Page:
Friday, February 03, 2006

'expert' academic opinions aside, banning websites is certainly permissable under Thai law

Blackout of online stations 'limits rights' - Bangkok Post, June 28, 2005

..."Besides, there are no laws which permit the ICT's internet inspector to close down websites, not even pornographic sites. The government can only sue the owners.''

In Thailand, 'authority' still creates its own law, even after more than a dozen years of democratic rule. Partly this is due to ignorance of basic civics concepts by the ruling elite, and partly due to arrogance and laziness when it comes to actually looking up the law-- they don't.

And neither do newspaper editors.

1) Production and dissemination of porn is in fact against the law in TH, and a section in the penal code states exactly that. Interestingly, the penal code does not criminalize possession. Furthermore, criminal courts are empowered to issue injunctions (such as a demand that a website hosted in Thailand be shut down) based on evidence provided by the police that a violation is occuring. The injunction does not require a full hearing but may be lifted (reversed) at a later date. This is normal and follows international legal norms.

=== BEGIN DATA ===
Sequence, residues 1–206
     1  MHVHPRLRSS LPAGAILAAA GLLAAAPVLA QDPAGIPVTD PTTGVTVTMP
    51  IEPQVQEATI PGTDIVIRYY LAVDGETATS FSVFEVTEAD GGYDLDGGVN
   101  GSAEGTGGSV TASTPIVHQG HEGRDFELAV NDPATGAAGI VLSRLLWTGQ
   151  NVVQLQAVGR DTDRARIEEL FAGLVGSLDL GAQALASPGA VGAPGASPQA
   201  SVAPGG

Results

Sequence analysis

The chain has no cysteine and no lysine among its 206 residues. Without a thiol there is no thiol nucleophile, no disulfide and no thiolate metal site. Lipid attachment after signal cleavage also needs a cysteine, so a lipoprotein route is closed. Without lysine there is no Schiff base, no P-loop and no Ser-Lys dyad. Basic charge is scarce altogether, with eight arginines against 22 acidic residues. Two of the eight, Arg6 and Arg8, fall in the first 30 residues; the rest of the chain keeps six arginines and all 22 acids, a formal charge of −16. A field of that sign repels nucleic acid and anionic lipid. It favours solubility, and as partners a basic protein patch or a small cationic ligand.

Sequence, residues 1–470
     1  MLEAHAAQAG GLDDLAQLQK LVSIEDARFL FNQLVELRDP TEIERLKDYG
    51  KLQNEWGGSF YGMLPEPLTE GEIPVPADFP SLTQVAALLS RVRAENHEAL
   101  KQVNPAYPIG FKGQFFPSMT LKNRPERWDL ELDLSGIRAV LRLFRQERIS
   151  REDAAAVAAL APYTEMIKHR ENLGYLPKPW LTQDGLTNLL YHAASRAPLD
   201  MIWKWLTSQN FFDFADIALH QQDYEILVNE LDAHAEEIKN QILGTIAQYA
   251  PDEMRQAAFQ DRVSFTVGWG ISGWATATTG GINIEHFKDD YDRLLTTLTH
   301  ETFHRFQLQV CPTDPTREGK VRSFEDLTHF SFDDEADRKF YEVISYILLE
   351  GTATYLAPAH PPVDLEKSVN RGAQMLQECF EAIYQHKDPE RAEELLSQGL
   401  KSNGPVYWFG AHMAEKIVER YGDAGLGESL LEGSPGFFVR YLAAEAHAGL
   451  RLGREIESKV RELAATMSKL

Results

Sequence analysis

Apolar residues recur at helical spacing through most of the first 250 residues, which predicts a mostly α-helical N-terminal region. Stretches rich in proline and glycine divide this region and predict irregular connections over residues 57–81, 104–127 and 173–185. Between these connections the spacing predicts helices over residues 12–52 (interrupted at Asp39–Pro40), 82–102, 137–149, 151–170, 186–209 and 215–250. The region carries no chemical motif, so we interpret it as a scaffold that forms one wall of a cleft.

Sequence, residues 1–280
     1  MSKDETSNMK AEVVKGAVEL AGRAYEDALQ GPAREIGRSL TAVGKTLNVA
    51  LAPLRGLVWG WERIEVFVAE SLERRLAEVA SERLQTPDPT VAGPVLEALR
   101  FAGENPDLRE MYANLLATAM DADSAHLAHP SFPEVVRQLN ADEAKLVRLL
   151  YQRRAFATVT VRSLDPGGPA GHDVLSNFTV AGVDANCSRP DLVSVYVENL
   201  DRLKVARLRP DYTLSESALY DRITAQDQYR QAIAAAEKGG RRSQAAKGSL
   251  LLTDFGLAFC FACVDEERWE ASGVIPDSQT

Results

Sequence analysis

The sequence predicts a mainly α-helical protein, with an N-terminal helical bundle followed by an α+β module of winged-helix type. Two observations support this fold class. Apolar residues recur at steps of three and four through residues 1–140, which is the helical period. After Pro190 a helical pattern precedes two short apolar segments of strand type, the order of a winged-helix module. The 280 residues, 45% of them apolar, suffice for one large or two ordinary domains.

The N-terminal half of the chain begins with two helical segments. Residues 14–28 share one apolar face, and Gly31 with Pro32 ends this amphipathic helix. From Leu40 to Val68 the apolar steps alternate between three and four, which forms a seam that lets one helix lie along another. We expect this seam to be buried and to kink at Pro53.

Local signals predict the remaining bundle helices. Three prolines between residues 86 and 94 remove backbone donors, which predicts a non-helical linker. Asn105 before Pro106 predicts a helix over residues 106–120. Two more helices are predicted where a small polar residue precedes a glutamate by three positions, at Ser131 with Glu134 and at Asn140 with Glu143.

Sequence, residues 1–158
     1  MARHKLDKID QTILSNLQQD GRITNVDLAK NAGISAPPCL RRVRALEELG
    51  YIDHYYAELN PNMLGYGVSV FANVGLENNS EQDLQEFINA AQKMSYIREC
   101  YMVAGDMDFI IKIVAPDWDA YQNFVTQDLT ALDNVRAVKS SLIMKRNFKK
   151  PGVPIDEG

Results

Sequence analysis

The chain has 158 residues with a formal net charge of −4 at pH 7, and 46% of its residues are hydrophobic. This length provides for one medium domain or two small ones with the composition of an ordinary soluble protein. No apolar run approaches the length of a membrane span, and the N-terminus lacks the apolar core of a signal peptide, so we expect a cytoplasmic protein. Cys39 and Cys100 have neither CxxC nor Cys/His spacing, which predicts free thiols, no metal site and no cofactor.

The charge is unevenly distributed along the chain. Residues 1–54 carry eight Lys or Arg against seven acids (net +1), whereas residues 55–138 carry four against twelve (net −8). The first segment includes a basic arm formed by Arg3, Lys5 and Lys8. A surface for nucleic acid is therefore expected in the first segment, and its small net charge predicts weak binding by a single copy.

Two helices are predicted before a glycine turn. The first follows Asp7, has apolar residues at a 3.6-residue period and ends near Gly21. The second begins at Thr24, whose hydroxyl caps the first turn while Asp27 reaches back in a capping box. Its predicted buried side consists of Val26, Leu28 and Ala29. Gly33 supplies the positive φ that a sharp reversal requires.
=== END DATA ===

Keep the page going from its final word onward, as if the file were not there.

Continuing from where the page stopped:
2) Thai ISPs agree not to host porn or seditious sites as one condition of being licensed to operate in Thailand. Hosting porn on their servers could be considered a violation. Enforcement (banning) would logically fall under the discretion and jurisdiction of the ICT ministry, though as I haven't read the ministerial charter I cannot say for sure.

So in fact, yes, the ICT ministry and police DO have legal authority to close down websites in Thailand, the only issue being 'which ones' and how this is to be weighed against any 'free speech' rights granted by the current Thai constitution.

There. Now that we've cleared up the argumentative ground, have at it.

The word is 'sue' is often used here to denote both civil and criminal proceedings. The concept of civil and criminal is also mixed in Thai law itself, not just the Bangkok Post's tangled understanding of it. This is oneof many present day holdovers from a feudal system which was so barbaric and arbitrary that foreign nations often refused to allow their nationals to be tried in Thai courts.